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Kenni G keeps it real

The bass-dropping DJ is making EDM more inclusive, one dance floor at a time.

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“There are women who deserve to get a lot more credit in music than what they’re getting.” - DANIEL DOMINIC
  • DANIEL DOMINIC
  • “There are women who deserve to get a lot more credit in music than what they’re getting.”

Vision 2020 New Year's Party feat. Kenni G, Aquasocks and more 
Halifax Music Co-op, 2170 Barrington Street, Tue, Dec 31, 9pm-2am,
$20


When Kennedy Crossland went to a music festival for the first time—at Evolve, the club kid destination for an EDM slant on the festival experience—she expected to fall deeper in love with electronic music. What she didn't expect? To have a seed of activism planted in her head atop a hill of dropping bass lines. "I was like, where are the girls? Why are there no girls?" she recalls, sitting at a corner cafe table in early December. "And it was almost like an epiphany to me—being like, alright, let's do this."

When she got home, the DJ—whose love of music saw her in dance, band and music lessons since a young age—decided to level up, going from making beats in her bedroom to performing at festivals and in clubs across the maritimes. She is now, as she puts it, "The only female full-time DJ in Halifax."

Weaving snippets of trad and folk music into her hip hop-soaked soundscapes, and often sporting wild costumes onstage (her trademark? An oversized gas mask and even larger hair), Crossland—who performs and releases music under the name Kenni G— represents a shift in the city's club scene, starting conversations both on stage and on social media about inclusivity and diversity. "You do feel a little bit like an outsider because you're not exactly what a DJ is thought of—when I ask someone what they think of when I say 'DJ' and they say 'he,'" Crossland adds. She says she advocates for things that are slowly becoming more standard in other genres: Headlining slots for women, having show bills and festival lineups that reach closer to gender parity and making sure women's sets are the same length as men's.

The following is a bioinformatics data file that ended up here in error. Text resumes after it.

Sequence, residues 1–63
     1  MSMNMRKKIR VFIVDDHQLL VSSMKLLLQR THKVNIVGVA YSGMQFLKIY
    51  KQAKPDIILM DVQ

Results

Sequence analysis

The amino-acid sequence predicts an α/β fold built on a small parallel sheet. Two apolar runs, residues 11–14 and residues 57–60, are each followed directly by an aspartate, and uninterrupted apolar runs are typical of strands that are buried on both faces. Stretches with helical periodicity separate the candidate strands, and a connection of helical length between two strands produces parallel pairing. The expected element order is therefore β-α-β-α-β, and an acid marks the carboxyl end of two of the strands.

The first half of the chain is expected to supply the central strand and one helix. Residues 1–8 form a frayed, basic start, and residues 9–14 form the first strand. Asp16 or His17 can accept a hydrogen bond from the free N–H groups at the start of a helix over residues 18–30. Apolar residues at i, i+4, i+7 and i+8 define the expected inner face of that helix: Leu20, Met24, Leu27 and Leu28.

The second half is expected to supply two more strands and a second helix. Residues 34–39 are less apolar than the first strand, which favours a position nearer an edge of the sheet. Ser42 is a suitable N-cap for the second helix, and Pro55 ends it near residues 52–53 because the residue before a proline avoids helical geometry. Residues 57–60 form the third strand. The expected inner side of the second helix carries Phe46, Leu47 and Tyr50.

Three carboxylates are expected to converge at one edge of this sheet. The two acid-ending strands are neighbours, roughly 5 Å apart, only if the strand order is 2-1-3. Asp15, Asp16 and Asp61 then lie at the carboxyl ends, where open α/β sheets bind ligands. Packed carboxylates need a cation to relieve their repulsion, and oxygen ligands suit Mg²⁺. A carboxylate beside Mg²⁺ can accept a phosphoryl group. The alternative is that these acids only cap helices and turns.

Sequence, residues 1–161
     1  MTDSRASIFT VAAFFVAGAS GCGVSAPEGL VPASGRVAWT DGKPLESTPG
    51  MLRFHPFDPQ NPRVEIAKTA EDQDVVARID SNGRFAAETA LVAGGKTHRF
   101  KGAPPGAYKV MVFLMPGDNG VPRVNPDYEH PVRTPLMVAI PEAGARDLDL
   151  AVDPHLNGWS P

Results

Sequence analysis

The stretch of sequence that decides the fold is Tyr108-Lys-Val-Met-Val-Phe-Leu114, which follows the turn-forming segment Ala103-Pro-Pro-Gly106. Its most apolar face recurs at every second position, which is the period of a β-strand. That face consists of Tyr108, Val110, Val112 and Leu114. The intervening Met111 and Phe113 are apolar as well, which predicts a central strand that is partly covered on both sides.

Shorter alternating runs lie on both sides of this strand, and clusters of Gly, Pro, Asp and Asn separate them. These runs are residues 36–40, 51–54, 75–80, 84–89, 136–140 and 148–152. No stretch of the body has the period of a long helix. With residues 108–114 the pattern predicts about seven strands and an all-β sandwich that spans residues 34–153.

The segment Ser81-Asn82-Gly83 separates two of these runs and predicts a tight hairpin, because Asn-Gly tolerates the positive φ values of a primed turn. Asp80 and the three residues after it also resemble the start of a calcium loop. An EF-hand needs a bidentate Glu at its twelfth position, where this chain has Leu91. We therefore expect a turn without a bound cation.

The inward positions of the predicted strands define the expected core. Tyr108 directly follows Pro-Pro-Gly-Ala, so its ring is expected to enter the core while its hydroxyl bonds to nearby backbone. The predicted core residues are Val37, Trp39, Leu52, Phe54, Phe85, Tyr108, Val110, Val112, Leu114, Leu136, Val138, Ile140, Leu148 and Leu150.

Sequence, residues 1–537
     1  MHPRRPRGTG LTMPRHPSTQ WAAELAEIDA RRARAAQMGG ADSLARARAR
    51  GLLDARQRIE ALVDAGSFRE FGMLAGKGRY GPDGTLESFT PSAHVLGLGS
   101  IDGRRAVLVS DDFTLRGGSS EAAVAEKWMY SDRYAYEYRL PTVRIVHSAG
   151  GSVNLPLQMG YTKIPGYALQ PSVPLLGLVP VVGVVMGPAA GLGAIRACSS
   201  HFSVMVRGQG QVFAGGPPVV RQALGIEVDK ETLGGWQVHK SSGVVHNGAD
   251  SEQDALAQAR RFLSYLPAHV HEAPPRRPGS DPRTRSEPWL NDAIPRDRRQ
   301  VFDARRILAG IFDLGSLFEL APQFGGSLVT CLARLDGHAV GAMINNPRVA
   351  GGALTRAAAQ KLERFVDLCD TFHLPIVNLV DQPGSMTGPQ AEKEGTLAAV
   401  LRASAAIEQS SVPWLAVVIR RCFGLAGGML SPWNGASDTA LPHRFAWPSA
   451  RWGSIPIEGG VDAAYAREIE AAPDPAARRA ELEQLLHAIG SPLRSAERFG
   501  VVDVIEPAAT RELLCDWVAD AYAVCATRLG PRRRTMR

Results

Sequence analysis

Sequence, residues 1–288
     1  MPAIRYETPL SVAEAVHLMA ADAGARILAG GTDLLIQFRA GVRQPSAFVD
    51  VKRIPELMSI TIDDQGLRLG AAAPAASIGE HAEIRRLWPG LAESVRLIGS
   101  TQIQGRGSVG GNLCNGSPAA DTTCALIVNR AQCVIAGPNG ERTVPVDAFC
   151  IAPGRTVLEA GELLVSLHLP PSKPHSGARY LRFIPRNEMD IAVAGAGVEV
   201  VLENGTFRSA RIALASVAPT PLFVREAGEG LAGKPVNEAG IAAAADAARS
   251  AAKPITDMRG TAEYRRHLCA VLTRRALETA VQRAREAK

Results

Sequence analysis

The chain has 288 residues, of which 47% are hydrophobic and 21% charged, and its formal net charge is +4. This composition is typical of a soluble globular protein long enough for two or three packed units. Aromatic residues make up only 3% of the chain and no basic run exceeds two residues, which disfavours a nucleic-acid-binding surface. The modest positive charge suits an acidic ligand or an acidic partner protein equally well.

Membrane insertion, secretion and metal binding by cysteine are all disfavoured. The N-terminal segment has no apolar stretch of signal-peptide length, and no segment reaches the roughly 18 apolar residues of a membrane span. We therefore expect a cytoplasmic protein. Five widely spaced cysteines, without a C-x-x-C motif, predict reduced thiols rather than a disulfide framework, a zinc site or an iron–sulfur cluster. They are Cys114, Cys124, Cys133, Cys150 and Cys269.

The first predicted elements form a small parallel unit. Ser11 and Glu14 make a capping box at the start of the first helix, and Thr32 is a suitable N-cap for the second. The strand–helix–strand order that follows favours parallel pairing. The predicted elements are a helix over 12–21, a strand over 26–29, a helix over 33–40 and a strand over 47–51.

Working with other women around the city and the province, Crossland wants it known she doesn't think she's the first or even the best woman DJ. At one point, sitting at that cafe table, she stops the interview to list local women in the EDM scene who have been collaborators and inspirations, calling each a "legend" or an "icon" or both. (That list includes EDM artists and DJs like Naussika, Lyra, Lizzo—no, not the one who sings "Truth Hurts"—, Shoons, Techno Nanny, Terraform, Chef K, Ou lala and, of course, club staple KittyBass.)

KittyBass and Kenni G have released tracks together, too, with Crossland adding, "My highlight of 2019 was becoming friends with KittyBass."

She and KittyBass have also started what Crossland calls "goddess groups"—private Facebook events that see the pair teaching other women and femmes how to DJ and make their own beats: "We want it to be femme and we want it to be a safe space and that's what it is, because there are issues, there are things going on and I feel there are women who deserve to get a lot more credit in music than what they're getting," Crossland says.

"Every single show I do now, I play a song shouting out women and I put it down like 'this one goes out to the girls' and talk about it real quick," Crossland says. "And then 'Run The World' by Beyonce plays a lot—and they love it, the girls go off. It's great. I feel women deserve to have the confidence anyone has, any man has. It's getting women into management, women into science, women into entrepreneurship—and that's technically what I'm doing, even though it's on the music side. Let's just make sure women feel they can do it too."

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